Magazine, website & books written by teens since 1989

The Positives and Negatives of Internet Usage


More by this author
Your teachers or parents have probably told you before that you need to get off the internet and spend more time looking out the window, playing outside, or socializing. They say that constantly using a computer will start to have negative effects on your brain, sleep, and social skills. However, there are many positive effects of internet usage that outweigh the bad. It allows us to instantly access information, post our thoughts for others to see, and lets us find our creative side.

There are of course some aspects of computer use that many adults don’t like. For example, the fact that (depending on the website or program being used) not much is censored on the internet. Many parents don’t want their kids exposed to images or phrases that are “inappropriate for their age level”. According to an older census, some kids as young as three or older use the internet. (Not educational games-- internet.) For younger kids, or to stricter parents, most websites are not secure places that they’d want their kids to be on. Another factor that parents don’t approve of is how easily some people may be able to communicate with their children, and possibly get information about them, whether to harm the child or not. There are people out there who will try to scam others or give them false information. A last big problem with adults is the studies that continuous computer usage will “rot your child’s brain”. Since the internet is a huge place, of course there will be unpleasant things posted, and there are some (not the smartest) people who don’t have the best opinions and try to persuade others to join them. There are some violent, addicting, and just plain dumb games out there. While there are some websites that will grab a teen’s attention for a while, this isn’t destroying their education; it’s simply a form of entertainment. All of these problems listed can be easily solved.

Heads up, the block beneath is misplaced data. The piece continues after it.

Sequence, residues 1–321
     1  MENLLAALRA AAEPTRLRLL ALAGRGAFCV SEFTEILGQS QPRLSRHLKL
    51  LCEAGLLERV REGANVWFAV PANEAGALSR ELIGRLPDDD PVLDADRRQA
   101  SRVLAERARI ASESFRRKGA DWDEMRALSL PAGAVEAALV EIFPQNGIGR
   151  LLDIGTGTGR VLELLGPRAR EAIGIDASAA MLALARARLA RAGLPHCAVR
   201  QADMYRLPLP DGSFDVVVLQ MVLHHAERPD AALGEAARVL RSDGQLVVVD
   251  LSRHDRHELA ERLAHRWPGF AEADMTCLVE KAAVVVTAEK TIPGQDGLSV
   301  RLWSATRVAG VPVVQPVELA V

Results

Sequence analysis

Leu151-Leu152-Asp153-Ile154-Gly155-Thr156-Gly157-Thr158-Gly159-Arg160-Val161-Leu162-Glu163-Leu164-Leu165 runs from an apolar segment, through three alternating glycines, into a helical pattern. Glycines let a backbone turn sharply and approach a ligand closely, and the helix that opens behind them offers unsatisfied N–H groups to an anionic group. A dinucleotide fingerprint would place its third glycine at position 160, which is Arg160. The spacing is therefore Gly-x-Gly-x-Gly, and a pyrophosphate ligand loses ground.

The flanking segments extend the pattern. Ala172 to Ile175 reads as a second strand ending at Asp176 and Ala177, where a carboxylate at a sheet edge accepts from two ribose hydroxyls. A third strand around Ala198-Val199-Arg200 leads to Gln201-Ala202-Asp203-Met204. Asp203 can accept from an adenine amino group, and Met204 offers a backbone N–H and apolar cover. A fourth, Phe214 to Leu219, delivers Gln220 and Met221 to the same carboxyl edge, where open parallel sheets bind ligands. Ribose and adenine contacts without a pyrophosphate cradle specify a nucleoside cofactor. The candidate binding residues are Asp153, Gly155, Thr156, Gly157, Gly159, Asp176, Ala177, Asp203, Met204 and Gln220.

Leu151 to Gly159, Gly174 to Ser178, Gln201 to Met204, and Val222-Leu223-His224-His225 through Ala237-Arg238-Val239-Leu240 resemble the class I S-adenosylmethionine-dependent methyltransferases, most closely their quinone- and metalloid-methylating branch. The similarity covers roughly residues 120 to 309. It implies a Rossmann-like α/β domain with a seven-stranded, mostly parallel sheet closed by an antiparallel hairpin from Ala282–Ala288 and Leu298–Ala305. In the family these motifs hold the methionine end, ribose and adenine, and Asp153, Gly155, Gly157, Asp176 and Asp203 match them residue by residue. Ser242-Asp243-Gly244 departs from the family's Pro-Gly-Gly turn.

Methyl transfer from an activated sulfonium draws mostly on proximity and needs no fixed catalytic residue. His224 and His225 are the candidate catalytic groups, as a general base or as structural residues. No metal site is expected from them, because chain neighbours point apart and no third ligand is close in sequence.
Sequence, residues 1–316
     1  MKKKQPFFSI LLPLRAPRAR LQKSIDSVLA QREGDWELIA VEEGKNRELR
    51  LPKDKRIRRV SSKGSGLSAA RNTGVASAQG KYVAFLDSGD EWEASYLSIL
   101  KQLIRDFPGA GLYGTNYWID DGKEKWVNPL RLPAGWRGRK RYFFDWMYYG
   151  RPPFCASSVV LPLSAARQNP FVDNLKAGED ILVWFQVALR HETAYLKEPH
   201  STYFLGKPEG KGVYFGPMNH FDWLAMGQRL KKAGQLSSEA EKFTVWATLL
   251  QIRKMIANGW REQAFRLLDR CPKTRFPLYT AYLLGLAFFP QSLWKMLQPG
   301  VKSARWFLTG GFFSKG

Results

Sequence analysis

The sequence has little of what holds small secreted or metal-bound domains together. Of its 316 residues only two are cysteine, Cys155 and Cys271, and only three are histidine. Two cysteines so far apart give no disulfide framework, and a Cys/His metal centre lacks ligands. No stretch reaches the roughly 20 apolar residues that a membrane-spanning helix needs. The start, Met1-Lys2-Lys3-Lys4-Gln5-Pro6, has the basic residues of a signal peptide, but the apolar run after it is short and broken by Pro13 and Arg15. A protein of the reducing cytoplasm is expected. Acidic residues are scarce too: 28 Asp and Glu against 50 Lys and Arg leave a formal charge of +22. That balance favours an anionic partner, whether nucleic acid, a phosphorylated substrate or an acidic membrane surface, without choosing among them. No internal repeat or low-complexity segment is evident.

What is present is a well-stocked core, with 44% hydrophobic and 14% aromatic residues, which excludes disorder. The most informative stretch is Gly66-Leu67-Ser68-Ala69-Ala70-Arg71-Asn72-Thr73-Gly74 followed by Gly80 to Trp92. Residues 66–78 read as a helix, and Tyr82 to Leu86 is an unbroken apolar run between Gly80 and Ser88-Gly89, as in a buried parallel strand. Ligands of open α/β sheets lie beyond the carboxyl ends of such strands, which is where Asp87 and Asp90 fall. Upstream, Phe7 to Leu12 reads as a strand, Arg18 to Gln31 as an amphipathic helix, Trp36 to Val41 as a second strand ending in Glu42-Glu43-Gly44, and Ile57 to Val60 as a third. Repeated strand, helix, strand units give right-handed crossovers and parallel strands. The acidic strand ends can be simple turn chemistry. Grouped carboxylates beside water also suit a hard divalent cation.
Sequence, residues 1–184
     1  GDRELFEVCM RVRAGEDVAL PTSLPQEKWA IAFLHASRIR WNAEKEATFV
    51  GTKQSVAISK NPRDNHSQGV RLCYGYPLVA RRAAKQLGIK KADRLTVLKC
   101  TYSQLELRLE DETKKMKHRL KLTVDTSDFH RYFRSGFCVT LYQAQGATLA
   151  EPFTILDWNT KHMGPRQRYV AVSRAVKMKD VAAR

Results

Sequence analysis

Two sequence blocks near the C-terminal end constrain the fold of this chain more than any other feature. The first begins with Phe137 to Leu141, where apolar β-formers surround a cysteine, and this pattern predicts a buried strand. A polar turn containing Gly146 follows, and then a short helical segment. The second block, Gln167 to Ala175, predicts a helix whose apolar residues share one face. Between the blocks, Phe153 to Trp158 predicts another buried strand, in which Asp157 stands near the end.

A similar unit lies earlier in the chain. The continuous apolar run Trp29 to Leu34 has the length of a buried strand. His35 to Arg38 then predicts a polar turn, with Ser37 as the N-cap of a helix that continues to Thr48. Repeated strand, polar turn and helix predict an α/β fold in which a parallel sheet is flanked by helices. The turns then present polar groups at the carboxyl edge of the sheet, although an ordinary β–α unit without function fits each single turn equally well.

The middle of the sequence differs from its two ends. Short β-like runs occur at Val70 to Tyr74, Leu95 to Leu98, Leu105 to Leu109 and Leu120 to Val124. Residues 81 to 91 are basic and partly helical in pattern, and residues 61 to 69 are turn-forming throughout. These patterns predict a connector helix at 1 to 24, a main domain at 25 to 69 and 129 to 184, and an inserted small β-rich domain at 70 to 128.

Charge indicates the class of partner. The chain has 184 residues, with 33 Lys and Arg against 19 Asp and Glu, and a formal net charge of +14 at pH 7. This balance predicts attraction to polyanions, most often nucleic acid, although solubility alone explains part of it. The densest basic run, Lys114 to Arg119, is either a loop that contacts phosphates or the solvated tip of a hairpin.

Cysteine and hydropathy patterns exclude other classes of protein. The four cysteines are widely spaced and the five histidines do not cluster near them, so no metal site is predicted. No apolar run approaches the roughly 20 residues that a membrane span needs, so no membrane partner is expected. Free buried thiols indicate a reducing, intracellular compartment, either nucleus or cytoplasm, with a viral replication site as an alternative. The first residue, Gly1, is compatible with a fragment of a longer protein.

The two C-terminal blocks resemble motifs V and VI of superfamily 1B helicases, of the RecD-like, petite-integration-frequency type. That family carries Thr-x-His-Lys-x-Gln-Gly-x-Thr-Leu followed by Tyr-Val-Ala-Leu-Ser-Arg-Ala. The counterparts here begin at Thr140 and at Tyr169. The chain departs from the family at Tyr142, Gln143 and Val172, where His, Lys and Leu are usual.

There are ways of protecting what your child does and sees online. I think that first and foremost you should trust your child to be responsible online. Of course, that won’t always work. Parental filters are available for use, though I don’t recommend using them. Trust is the best method of security; if your child can’t be trusted, they probably shouldn’t be online in the first place. Next, some parents are concerned about the educational value of internet usage and if their opinions are being changed negatively. Many teens, in some parents’ eyes, are becoming antisocial due to their preference of using technology rather than socializing. In my opinion, though socializing is important, it is not a major aspect of your life to go out and party or go to a friend’s house every single night. (Though every once in awhile, you should probably drag your teen out of their room to go to a family party.) They may be getting what they need online, in a positive relationship. There’s the issue of strangers talking to and possibly harming kids. In my opinion, if a teen is old enough to use the internet properly, they’re most likely to know the difference between another teenager with similar intentions and someone who is posing to be someone else. Even though you learn as a kid to be wary of the information you give out online and who you’re talking to, the internet is a place where teenagers are themselves the most.

The internet is a place for teenagers to express themselves freely, without an adult hanging over them or being hindered by physical communication or parental approval in every aspect. It’s a way to get away from daily stress and normal life. While some parents and teachers are concerned about negative effects of internet on teenagers’ lives, the bottom line is that they should be trusted. Trusting a teen is the best way to ensure that they’re being responsible on the internet.



Post a Comment

Be the first to comment on this article!

Site Feedback